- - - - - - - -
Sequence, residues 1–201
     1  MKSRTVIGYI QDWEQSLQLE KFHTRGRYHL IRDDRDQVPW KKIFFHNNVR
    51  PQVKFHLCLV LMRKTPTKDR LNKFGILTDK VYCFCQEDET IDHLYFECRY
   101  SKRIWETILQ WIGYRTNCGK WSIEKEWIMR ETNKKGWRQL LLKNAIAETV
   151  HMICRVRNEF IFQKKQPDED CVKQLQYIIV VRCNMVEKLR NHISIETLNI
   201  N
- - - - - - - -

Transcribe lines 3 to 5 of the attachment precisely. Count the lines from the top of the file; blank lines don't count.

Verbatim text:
    51  PQVKFHLCLV LMRKTPTKDR LNKFGILTDK VYCFCQEDET IDHLYFECRY
   101  SKRIWETILQ WIGYRTNCGK WSIEKEWIMR ETNKKGWRQL LLKNAIAETV
   151  HMICRVRNEF IFQKKQPDED CVKQLQYIIV VRCNMVEKLR NHISIETLNI